Friday, January 27, 2012

In Memory Of A Wonderful Friend

He was my guy. You know, my financial guy. The kind of guy that everybody loves when the market is up. When the market is down....well you know what I'm talking about.

He took me out of pity. The meager sums I saved were nothing near his average client. I was well below his minimum. But we had a common friend. And he liked me and my wife. We were his kind of people. Bargain shoppers. We bought low and sold high.

Over the years we talked every few months. He would take my wife and I out to dinner in the early days. Later, he would come to the house and entertain my children before we could chase them off to bed and talk financials.

It was a working relationship. But certainly he was the type of guy I would be friends with anyway. He invited us to his house many times to meet his wife and kids. We always had some reason to decline. There was usually something going on. We never had enough time.

We eventually learned his story and he ours. About how he met his wife in India. About how he didn't think he would marry and Indian girl. And about his children and the various activities they were involved in.

Occasionally there was turbulence. After all, the market was doing horribly. But we still came to him for advice; sometimes about money, sometimes about life.

He was kind and considerate. He was patient and calm. He always had a smile on his face.

Awhile back he called to tell me he had excepted a job with a new firm. I was proud that instead of expressing dismay or concern about my own financial well being, the first thing I said to him was "Congrats...I'm happy for you!"

He was surprised. I was the only client who had congratulated him. Later, we talked about how we would move our funds over to his new firm. I could care less who he worked for, it was his advice I was interested in.

A week later I called for a brief question about funds transfer. He was in the middle of a meeting, but took the time to answer me anyway. Little did I know that those were the last words I would ever speak to him. Thirty minutes later he collapsed in his office. In a few days he was gone. He never woke up.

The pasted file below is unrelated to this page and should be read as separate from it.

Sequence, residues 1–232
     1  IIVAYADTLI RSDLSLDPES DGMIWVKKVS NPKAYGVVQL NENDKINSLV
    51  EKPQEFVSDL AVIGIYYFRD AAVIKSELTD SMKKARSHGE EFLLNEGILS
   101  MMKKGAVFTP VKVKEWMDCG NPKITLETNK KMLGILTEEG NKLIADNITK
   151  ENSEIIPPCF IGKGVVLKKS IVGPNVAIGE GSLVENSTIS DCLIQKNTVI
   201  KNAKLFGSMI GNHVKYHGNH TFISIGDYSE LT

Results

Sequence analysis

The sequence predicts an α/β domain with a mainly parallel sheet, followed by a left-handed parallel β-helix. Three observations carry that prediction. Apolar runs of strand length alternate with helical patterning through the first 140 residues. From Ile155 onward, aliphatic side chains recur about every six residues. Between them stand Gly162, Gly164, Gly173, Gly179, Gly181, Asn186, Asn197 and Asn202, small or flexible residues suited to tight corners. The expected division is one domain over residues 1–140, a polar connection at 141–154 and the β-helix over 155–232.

My wife and I went to his funeral. As I watched his children, I flashed back to my own father's death. He died the same way. I approached the casket and mumbled condolences to his family. And there he was. His face edematous and puffy. Unrecognizable compared to the handsome smiling facade imprinted on my memory.

During the ceremony family and friends spoke about his affect on their lives. His clients were especially vocal. A widow talked of how he had promised to take care of her finances after her husband's death. And he had. An older man spoke of how he had traveled with him to India to guide him in search of his parents ancestry and to spread their ashes. He called him his son. There was no blood relation.

Then there was me. The fool that I was, I had thought that this gentle human being was brought into my life to teach me about money. Money! Useless money!

In reality his lessons were much more valuable. He demonstrated compassion,joy, and love. All these things he gently taught, quietly, and in his own humble way.

And I think of his distorted face and body lying in the casket. They were not a true window into his soul, but more an unkind reflection of what I had become.

One last lesson taught by a masterful teacher.

I wonder If I deserved as much.

2 comments:

Teufelhunden said...

Thank you for articulating this. I've been having similar thoughts lately, pining for the days of fascinated learning, when all these topics were mentally stimulating, before they became permanently attached to the realities of patient care in our modern age. Often, these thoughts pull me in the direction of "Hey, maybe I should do a second residency," with daydreams of being pulled back into didactics, and the like. Not sure how many years removed from training you are, but I think it’s normal to experience a disillusioned lull the first few years out of residency when the romanticized fantasy of post-residency practice is crushed by reality.

Teufelhunden said...

Thank you for articulating this. I've been having similar thoughts lately, pining for the days of fascinated learning, when all these topics were mentally stimulating, before they became permanently attached to the realities of patient care in our modern age. Often, these thoughts pull me in the direction of "Hey, maybe I should do a second residency," with daydreams of being pulled back into didactics, and the like. Not sure how many years removed from training you are, but I think it’s normal to experience a disillusioned lull the first few years out of residency when the romanticized fantasy of post-residency practice is crushed by reality.